Orders of initiative

At we begin this legislature, two committees have decided to take on orders of initiative. In order to be carried out, this type of mandate must first be adopted by a majority of the committee members from each parliamentary group. Once the mandate has been adopted, the committee organizes its own proceedings, so the amount of time spent on this type of mandate may vary.

The Committee on Culture and Education (CCE) adopted an order of initiative concerning the future of news media. During this mandate, the CCE intends to hold consultations to establish a clear profile of local news media and identify solutions regarding the following challenges:

  • the financing of businesses and organizations to achieve tax fairness;
  • the regional presence of the news media and promotion the local role of news;
  • the sustainability of business models in the digital age; and
  • the independence of the news media.

On March 28, the Committee on Agriculture, Fisheries, Energy and Natural Resources (CAFENR) adopted an order of initiative regarding the impact on public health and the environment of the use of chemical products such as pesticides in the agriculture and agri-food industries.

Election of Chairs

On February 6, the Committee on Institutions (CI) elected André Bachand (Richmond) as its Chair to replace Benoit Charette (Deux-Montagnes), who was appointed Minister of the Environment and the Fight Against Climate Change. For its part, the Committee on Citizen Relations (CCR) elected MarieChantal Chasseé (Châteauguay) as its new Chair to replace Mr. Bachand (Richmond).

Sylvia Ford

General Directorate for Parliamentary Affairs
Sittings Service

Sabine Mekki

General Directorate for Parliamentary Affairs
Committees Service

Prince Edward Island

Dissolution of the 65th General Assembly

On March 26, 2019, on the advice of Executive Council, Chief Justice David Jenkins, as Administrator of the province acting in place of Lieutenant Governor Antoinette Perry, dissolved the Legislative Assembly and ordered that writs be issued for a general election to take place on April 23, 2019.

General Election

The 2019 election will be carried out in districts that have changed since the last election in 2015. Upon recommendation of the Electoral Boundaries Commission in 2017, almost all of PEI’s 27 electoral districts were adjusted in order to have a variance of less than 10% from the provincial average number of electors (3,700) within their boundaries. The only exception was the district of Evangeline - Miscouche, where a greater variance from the average was considered justified by the need to protect Acadian language, culture and tradition in the province. Several districts were renamed in the process. Under the Electoral Boundaries Act, an Electoral Boundaries Commission is established after every three general elections to review the districts of the province and report to the Legislative Assembly its recommendations on the area, boundaries, and names of the districts of the province.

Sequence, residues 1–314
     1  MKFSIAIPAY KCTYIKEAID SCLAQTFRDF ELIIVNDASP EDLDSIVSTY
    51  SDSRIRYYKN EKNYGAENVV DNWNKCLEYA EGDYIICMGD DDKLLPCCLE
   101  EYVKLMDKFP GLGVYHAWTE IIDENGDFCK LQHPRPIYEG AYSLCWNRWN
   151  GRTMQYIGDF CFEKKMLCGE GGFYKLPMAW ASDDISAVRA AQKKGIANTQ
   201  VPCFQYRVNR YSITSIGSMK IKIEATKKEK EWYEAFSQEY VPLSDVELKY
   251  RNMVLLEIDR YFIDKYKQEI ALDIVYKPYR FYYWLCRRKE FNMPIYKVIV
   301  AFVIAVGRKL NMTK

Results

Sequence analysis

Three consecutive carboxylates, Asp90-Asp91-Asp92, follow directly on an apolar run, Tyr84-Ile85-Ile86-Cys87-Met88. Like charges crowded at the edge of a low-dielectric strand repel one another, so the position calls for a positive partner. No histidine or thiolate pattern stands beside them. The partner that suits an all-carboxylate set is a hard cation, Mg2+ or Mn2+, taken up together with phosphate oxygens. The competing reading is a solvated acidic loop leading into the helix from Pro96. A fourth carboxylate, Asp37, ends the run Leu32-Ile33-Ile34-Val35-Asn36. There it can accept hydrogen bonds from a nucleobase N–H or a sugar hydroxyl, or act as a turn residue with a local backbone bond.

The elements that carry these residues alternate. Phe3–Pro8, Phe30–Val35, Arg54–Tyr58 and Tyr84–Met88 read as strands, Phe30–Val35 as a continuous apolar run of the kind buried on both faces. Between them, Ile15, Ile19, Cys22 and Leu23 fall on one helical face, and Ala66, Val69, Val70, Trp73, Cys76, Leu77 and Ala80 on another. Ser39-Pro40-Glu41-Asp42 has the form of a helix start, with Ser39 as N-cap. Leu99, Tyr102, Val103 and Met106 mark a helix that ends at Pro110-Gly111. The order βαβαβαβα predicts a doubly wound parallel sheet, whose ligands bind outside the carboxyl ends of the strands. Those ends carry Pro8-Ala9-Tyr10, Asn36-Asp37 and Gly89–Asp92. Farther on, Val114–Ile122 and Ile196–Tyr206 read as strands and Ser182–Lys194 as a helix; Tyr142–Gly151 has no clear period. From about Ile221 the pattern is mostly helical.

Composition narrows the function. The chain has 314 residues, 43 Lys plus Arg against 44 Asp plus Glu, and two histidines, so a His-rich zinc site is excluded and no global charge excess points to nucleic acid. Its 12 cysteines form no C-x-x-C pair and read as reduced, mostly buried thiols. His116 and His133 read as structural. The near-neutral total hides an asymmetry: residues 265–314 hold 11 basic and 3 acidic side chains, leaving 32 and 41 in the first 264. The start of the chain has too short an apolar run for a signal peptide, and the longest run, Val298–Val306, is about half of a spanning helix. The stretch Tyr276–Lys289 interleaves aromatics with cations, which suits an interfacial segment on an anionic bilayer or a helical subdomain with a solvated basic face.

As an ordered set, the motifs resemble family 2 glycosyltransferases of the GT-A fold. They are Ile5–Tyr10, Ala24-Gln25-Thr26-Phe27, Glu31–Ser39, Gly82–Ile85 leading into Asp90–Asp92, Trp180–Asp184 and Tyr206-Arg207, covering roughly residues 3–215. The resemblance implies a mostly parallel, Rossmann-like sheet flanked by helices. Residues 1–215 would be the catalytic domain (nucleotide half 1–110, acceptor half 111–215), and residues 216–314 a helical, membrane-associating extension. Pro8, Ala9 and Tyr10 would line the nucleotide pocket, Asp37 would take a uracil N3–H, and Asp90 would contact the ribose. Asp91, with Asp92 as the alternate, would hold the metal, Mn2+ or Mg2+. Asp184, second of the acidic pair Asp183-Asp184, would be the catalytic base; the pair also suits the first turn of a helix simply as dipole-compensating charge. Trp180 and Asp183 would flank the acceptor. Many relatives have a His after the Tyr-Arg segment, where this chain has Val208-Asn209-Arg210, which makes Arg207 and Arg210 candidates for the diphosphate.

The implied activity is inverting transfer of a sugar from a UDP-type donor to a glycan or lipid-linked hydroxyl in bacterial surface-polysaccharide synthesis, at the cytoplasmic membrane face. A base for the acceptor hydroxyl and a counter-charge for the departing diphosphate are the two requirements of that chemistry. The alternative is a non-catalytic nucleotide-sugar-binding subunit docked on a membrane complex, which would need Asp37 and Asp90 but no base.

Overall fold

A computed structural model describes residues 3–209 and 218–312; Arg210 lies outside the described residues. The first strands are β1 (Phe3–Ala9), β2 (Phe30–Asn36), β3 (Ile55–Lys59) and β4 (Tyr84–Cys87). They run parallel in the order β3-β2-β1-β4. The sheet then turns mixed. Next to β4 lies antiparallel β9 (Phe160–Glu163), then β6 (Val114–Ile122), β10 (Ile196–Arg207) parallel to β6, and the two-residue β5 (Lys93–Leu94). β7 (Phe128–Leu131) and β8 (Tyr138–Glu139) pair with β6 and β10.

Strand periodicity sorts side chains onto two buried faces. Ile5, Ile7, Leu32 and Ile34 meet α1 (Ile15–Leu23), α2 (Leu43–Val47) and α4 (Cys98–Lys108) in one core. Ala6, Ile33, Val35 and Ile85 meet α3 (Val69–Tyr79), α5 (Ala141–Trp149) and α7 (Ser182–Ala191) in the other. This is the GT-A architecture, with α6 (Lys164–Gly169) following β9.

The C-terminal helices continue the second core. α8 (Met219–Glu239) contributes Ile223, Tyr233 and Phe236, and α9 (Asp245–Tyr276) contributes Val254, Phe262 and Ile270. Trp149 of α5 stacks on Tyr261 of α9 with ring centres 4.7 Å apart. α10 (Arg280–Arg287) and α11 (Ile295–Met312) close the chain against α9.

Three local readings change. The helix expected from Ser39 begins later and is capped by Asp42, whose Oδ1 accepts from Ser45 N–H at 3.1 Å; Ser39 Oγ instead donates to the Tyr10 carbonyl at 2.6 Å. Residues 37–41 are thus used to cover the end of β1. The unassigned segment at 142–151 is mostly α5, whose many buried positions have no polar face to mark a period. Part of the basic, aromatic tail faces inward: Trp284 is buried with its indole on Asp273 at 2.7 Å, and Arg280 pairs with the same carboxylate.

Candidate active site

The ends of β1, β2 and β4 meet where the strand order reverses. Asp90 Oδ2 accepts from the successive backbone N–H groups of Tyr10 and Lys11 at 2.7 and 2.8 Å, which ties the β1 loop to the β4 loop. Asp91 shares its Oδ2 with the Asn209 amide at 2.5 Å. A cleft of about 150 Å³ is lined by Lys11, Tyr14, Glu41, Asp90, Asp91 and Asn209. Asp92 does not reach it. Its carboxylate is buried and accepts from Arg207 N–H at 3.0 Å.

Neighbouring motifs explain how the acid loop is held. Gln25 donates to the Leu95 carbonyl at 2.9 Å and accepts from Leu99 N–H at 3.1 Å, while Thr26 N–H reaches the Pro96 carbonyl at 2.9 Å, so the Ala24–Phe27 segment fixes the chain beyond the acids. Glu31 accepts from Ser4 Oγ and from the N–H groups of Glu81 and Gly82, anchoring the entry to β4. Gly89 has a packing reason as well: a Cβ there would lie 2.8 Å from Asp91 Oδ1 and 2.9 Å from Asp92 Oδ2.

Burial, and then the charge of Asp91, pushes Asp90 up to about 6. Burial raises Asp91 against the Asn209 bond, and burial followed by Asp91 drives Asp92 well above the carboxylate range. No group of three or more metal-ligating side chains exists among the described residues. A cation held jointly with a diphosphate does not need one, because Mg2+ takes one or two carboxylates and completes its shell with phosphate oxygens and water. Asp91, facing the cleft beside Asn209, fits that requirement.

As of April 1, 2019, Elections PEI listed 73 candidates as officially registered, as follows: 17 Green Party, two Independent, 23 Liberal Party, six New Democratic Party, and 25 Progressive Conservative Party.

Four members of the 65th General Assembly have opted not to reoffer in the 2019 election. Speaker Francis (Buck) Watt (District 8, Tracadie – Hillsborough Park) was first elected in 2007, re-elected in 2011 and 2015, and has served as Speaker since June, 2015. Deputy Speaker Kathleen Casey (District 14, Charlottetown – Lewis Point) was first elected in 2007, re-elected in 2011 and 2015, and served as Speaker from 2007 to 2011. J. Alan McIsaac (District 5, Vernon River – Stratford) was first elected in 2007, re-elected in 2011 and 2015, and served variously as Minister of Education, Early Learning and Culture; Justice and Public Safety; and Agriculture and Fisheries. He also served as Government House Leader. Allen Roach (District 3, Montague – Kilmuir) was first elected in 2011 and re-elected in 2015, and served as Minister of Innovation and Advanced Learning, and subsequently as Minister of Finance.

Electoral System Referendum

As established by the 2018 Electoral System Referendum Act, a referendum on PEI’s voting system will be held at the same time as the April 23 general election. Voters will receive two ballots: one to vote for the candidate of their choice in their district and another to vote “no” or “yes” in response to the referendum question: “Should Prince Edward Island change its voting system to a mixed member proportional voting system?”

For the result to be binding, the no or yes option must receive a majority of the overall vote and a majority in at least 60 per cent of the 27 districts. Should the “no” option prevail, PEI will continue to employ the first-past-the-post electoral system; should the “yes” option prevail, Government will be expected to take steps to implement the Mixed Member Proportional (MMP) voting system for the next general election.